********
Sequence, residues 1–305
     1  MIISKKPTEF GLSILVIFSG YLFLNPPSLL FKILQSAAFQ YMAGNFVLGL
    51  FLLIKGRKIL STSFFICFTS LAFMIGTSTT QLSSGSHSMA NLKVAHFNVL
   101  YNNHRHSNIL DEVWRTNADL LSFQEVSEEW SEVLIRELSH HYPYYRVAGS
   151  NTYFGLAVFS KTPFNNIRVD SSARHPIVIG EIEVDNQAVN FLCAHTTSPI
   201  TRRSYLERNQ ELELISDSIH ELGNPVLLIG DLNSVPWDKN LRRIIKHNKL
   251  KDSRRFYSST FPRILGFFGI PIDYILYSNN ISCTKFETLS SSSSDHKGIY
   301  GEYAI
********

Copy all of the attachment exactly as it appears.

Sequence, residues 1–305
     1  MIISKKPTEF GLSILVIFSG YLFLNPPSLL FKILQSAAFQ YMAGNFVLGL
    51  FLLIKGRKIL STSFFICFTS LAFMIGTSTT QLSSGSHSMA NLKVAHFNVL
   101  YNNHRHSNIL DEVWRTNADL LSFQEVSEEW SEVLIRELSH HYPYYRVAGS
   151  NTYFGLAVFS KTPFNNIRVD SSARHPIVIG EIEVDNQAVN FLCAHTTSPI
   201  TRRSYLERNQ ELELISDSIH ELGNPVLLIG DLNSVPWDKN LRRIIKHNKL
   251  KDSRRFYSST FPRILGFFGI PIDYILYSNN ISCTKFETLS SSSSDHKGIY
   301  GEYAI